27. Borders EB, Bivona C, Medina PJ. Mammalian target of rapamycin: Biological function and target for novel anticancer agents. Am J Health-System Pharmacy (2010) 67(24):2095–106. doi: 10.2146/ajhp100020

CrossRef Full Text | Google Scholar

28. Hales EC, Taub JW, Matherly LH. New insights into Notch1 regulation of the PI3K–AKT–mTOR1 signaling axis: Targeted therapy of γ-secretase inhibitor resistant T-cell acute lymphoblastic leukemia. Cell Signal (2014) 26(1):149–61. doi: 10.1016/j.cellsig.2013.09.021

PubMed Abstract | CrossRef Full Text | Google Scholar

29. Rodrigues Alves APN, Fernandes JC, Fenerich BA, Coelho-Silva JL, Scheucher PS, Simões BP, et al. IGF1R/IRS1 targeting has cytotoxic activity and inhibits PI3K/AKT/mTOR and MAPK signaling in acute lymphoblastic leukemia cells. Cancer Lett (2019) 456:59–68. doi: 10.1016/j.canlet.2019.04.030

PubMed Abstract | CrossRef Full Text | Google Scholar

30. Anttonen T, Herranen A, Virkkala J, Kirjavainen A, Elomaa P, Laos M, et al. c-Jun N-Terminal Phosphorylation: Biomarker for Cellular Stress Rather than Cell Death in the Injured Cochlea. eNeuro (2016) 3(2): ENEURO.0047-16.2016. doi: 10.1523/ENEURO.0047-16

PubMed Abstract | CrossRef Full Text | Google Scholar

31. Yuan B, Zhang J, Wang H, Xiong L, Cai Q, Wang T, et al. 6-Thioguanine reactivates epigenetically silenced genes in acute lymphoblastic leukemia cells by facilitating proteasome-mediated degradation of DNMT1. Cancer Res (2011) 71(5):1904–11. doi: 10.1158/0008-5472.CAN-10-3430

PubMed Abstract | CrossRef Full Text | Google Scholar

32. Song J, Rechkoblit O, Bestor TH, Patel DJ. Structure of DNMT1-DNA complex reveals a role for autoinhibition in maintenance DNA methylation. Sci (N Y NY) (2011) 331(6020):1036–40. doi: 10.1126/science.1195380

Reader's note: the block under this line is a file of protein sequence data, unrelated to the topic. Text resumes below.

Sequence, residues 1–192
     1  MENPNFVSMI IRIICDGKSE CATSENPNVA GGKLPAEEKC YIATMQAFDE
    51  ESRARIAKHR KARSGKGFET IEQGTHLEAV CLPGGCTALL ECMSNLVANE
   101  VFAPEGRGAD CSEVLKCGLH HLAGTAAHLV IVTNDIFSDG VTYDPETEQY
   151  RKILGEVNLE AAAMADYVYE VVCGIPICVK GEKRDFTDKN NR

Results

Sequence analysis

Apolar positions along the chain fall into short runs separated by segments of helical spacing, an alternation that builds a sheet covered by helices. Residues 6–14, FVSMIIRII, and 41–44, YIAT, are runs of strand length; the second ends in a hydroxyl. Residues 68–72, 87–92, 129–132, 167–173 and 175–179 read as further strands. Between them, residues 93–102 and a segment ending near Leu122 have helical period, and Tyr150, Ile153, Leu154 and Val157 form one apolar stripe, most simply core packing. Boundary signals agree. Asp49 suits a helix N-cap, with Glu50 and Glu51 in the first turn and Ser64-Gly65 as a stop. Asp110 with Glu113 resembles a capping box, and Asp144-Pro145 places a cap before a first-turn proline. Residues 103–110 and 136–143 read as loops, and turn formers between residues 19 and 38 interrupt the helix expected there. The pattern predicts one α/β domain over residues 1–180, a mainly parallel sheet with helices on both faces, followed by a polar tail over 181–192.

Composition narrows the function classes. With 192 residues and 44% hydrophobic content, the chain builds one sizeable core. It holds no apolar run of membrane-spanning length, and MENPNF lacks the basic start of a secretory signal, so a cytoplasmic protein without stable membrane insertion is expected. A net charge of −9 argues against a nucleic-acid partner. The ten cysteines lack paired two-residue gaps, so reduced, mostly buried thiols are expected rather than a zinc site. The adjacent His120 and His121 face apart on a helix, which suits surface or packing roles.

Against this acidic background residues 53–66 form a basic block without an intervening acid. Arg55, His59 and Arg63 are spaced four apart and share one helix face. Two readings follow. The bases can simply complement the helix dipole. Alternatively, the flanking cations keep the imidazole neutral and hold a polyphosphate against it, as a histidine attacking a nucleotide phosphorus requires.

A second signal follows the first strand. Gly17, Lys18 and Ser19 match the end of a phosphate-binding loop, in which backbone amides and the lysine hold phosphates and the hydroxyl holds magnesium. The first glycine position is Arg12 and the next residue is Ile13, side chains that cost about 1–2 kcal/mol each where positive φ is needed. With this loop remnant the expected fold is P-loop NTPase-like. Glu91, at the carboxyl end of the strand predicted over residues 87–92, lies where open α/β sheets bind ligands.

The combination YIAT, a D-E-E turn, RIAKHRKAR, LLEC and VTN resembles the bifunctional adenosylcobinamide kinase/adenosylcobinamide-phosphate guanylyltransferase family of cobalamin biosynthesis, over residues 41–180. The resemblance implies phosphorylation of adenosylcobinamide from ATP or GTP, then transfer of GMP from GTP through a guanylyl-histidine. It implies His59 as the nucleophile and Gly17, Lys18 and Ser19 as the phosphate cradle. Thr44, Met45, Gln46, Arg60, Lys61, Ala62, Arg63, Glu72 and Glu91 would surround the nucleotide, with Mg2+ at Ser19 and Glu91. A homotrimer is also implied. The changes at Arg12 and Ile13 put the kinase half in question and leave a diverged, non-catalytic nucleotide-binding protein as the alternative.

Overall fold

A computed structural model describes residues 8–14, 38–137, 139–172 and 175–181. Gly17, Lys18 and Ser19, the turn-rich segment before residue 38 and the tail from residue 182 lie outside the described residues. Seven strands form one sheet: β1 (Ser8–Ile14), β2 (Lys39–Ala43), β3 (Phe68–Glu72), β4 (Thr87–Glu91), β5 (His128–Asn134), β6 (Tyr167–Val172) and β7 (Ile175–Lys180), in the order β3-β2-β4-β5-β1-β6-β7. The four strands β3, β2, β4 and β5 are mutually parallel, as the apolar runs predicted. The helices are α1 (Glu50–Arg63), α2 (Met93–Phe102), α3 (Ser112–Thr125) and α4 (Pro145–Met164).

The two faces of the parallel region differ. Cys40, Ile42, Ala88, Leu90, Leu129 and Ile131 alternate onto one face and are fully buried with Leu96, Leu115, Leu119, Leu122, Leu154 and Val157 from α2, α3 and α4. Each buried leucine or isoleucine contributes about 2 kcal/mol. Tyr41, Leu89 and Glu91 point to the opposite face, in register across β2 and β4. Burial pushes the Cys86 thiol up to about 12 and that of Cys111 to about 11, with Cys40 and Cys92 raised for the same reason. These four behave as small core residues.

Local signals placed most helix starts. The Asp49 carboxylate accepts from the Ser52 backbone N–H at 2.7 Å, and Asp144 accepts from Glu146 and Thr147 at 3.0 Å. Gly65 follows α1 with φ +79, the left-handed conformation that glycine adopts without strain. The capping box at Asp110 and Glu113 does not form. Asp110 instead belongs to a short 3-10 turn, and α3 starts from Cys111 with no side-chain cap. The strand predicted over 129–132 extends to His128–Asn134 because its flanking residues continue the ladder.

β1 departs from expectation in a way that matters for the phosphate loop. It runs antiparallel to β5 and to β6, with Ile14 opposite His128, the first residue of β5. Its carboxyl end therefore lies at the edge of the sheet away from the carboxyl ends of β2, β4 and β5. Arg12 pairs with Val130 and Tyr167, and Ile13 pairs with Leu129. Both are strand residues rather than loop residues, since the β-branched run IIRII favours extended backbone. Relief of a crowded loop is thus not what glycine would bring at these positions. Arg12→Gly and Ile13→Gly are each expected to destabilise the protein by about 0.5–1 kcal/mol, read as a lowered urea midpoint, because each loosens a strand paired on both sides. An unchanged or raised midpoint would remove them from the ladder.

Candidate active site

CrossRef Full Text | Google Scholar

33. Su Y, Hopfinger NR, Nguyen TD, Pogash TJ, Santucci-Pereira J, Russo J. Epigenetic reprogramming of epithelial mesenchymal transition in triple negative breast cancer cells with DNA methyltransferase and histone deacetylase inhibitors. J Exp Clin Cancer Res: CR (2018) 37(1):314–. doi: 10.1186/s13046-018-0988-8

CrossRef Full Text | Google Scholar

34. Wang H, An X, Yu H, Zhang S, Tang B, Zhang X, et al. MiR-29b/TET1/ZEB2 signaling axis regulates metastatic properties and epithelial-mesenchymal transition in breast cancer cells. Oncotarget (2017) 8(60):102119–33. doi: 10.18632/oncotarget.22183

PubMed Abstract | CrossRef Full Text | Google Scholar

35. Juo P, Kuo CJ, Yuan J, Blenis J. Essential requirement for caspase-8/FLICE in the initiation of the Fas-induced apoptotic cascade. Curr Biol (1998) 8(18):1001–8. doi: 10.1016/S0960-9822(07)00420-4

PubMed Abstract | CrossRef Full Text | Google Scholar

36. Chang HY, Nishitoh H, Yang X, Ichijo H, Baltimore D. Activation of apoptosis signal-regulating kinase 1 (ASK1) by the adapter protein Daxx. Science (1998) 281(5384):1860–3. doi: 10.1126/science.281.5384.1860

PubMed Abstract | CrossRef Full Text | Google Scholar

Keywords: triple-negative breast cancer, transcriptome, thioguanine, methylation, PI3K–AKT

Citation: Zhang D, An X, Li Q, Man X, Chu M, Li H, Zhang N, Dai X, Yu H and Li Z (2020) Thioguanine Induces Apoptosis in Triple-Negative Breast Cancer by Regulating PI3K–AKT Pathway. Front. Oncol. 10:524922. doi: 10.3389/fonc.2020.524922

Received: 07 January 2020; Accepted: 06 October 2020;
Published: 30 October 2020.

Edited by:

Sergio Giannattasio, Istituto di Biomembrane, Bioenergetica e Biotecnologie Molecolari (IBIOM), Italy

Reviewed by:

Hanumantha Rao Madala, Harvard Medical School, United States
Giuseppe Palma, Istituto Nazionale Tumori Fondazione G. Pascale (IRCCS), Italy

Copyright © 2020 Zhang, An, Li, Man, Chu, Li, Zhang, Dai, Yu and Li. This is an open-access article distributed under the terms of the Creative Commons Attribution License (CC BY). The use, distribution or reproduction in other forums is permitted, provided the original author(s) and the copyright owner(s) are credited and that the original publication in this journal is cited, in accordance with accepted academic practice. No use, distribution or reproduction is permitted which does not comply with these terms.

*Correspondence: Hao Yu, yu_hao@jlu.edu.cn; Ziyi Li, ziyi@jlu.edu.cn

These authors have contributed equally to this work